A ceiling joist is a structural member used in building the frame of a house or building. It provides a means of support for the materials used for the ceiling surface, such as panelling or drywall. A joist can be constructed of different materials, either wood or metal, depending on the type of structure in which the joist is placed.
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Ceiling Joist Description
A ceiling joist is basically a beam, or plank. The specific size of it varies with the weight it will carry, which depends on the weight of the ceiling's surface materials and the weight of any insulation. The ceiling joists also serve as floor joists for the attic and must support anything stored in the attic. Joist size is also dependent on how much of a span the joist will cover, going from one wall to the opposite wall. Joists are often positioned to span the distance of the walls that are closer together in a room to reduce the needed size of the joists.
Differences in Material
The ceiling joists in houses are usually made of different material than those used in the construction of buildings. In houses, the joists are often wood beams, enough to support the ceiling weight. However, in larger structures, such as a tall building or an industrial plant, the ceiling joists are usually made of a metal such as steel to provide the structural strength that is needed.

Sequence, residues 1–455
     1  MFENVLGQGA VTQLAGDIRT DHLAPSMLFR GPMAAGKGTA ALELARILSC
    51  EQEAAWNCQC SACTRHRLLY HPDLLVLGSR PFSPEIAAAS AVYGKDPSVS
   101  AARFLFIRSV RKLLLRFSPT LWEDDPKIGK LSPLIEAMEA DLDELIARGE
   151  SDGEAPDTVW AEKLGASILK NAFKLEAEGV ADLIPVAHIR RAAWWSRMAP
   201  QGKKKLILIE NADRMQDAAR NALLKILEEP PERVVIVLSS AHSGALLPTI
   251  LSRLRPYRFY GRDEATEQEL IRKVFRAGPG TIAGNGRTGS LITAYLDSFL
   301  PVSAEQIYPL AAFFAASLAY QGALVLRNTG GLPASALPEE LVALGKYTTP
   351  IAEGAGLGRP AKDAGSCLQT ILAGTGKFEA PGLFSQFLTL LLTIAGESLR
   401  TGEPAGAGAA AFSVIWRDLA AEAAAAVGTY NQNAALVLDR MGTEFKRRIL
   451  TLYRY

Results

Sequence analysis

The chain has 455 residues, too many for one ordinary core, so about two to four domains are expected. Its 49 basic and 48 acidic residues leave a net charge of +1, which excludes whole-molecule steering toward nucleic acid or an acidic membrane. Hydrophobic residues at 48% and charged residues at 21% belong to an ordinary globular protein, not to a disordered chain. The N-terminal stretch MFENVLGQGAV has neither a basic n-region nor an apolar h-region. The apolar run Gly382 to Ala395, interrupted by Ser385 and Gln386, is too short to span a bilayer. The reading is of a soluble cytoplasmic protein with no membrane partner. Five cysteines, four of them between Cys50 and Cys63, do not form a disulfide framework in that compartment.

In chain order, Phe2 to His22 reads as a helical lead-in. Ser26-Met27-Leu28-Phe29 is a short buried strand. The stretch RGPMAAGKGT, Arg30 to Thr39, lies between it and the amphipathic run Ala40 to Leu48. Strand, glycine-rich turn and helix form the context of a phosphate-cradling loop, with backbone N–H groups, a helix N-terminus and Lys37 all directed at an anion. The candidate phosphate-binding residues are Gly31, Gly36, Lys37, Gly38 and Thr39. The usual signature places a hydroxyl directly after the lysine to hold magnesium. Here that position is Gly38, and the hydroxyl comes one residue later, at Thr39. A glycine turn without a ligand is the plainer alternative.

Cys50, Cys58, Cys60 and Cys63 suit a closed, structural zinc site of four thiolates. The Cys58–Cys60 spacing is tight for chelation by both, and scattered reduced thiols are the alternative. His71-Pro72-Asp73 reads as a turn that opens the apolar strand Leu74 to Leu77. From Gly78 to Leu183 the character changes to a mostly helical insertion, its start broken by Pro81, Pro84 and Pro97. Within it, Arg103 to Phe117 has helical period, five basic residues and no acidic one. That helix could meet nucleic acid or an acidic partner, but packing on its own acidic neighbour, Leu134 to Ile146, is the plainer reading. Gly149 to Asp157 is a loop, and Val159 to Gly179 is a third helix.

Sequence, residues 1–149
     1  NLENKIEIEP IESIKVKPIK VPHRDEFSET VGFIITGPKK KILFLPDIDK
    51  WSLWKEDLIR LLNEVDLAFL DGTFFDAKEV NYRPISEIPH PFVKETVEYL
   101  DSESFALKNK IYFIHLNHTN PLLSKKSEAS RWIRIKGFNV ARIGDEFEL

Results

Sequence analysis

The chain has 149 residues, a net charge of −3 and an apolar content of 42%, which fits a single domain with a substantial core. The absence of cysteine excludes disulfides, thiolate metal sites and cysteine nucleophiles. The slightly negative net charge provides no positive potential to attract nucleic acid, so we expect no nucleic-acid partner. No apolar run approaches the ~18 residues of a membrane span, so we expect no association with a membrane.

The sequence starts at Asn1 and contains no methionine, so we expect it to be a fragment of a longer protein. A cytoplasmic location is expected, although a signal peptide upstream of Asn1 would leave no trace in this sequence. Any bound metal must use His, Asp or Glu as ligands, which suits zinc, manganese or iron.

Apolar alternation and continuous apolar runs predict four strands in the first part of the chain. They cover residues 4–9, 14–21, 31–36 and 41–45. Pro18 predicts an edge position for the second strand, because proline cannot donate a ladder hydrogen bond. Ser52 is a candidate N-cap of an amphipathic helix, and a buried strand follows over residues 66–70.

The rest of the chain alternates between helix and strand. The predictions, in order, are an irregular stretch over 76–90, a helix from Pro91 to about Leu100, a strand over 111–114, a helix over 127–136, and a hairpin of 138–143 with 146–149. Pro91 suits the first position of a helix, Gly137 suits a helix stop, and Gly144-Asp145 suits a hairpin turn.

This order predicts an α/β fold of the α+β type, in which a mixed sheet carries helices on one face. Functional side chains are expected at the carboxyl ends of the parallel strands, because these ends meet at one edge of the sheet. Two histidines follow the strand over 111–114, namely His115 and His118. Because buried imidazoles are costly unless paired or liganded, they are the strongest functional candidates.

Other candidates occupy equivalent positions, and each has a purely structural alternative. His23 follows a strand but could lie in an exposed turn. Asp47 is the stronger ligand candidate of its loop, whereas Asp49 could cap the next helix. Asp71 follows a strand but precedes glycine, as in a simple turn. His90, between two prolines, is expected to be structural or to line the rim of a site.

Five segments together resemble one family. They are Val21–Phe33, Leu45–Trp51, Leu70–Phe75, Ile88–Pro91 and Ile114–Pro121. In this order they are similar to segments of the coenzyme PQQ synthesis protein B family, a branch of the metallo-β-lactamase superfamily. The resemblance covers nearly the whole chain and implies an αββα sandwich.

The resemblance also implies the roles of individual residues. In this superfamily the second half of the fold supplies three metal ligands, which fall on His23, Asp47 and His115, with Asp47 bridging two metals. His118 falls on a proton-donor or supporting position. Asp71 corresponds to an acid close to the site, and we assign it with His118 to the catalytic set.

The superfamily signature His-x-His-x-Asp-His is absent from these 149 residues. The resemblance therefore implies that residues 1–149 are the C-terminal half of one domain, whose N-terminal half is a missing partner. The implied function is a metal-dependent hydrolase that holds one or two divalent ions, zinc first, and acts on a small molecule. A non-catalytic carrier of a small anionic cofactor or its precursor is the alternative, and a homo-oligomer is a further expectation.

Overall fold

The joists are spaced horizontally, normally at a distance of 16 inches apart, but are sometimes spaced with a distance of 24 inches between each joist. This distance is measured from the centre of one joist to the centre of the next joist. They are installed so that they run in the same direction as the roof rafters above them unless design considerations call for them to run at a right angle to the rafters and also to other joists. The outside end of each joist is attached to the heel of the rafter and also to the wall plate.
Floors also have joists, just like ceilings. Floor joists support the weight and foot traffic that the floor endures, just as ceiling joists support the ceiling's weight. In a two-story home, the floor joists that run underneath the second-story floor serve a double-duty and function also as the ceiling joists for the first floor. These joists should be installed so that they adequately support both the floor above and the ceiling materials below them.
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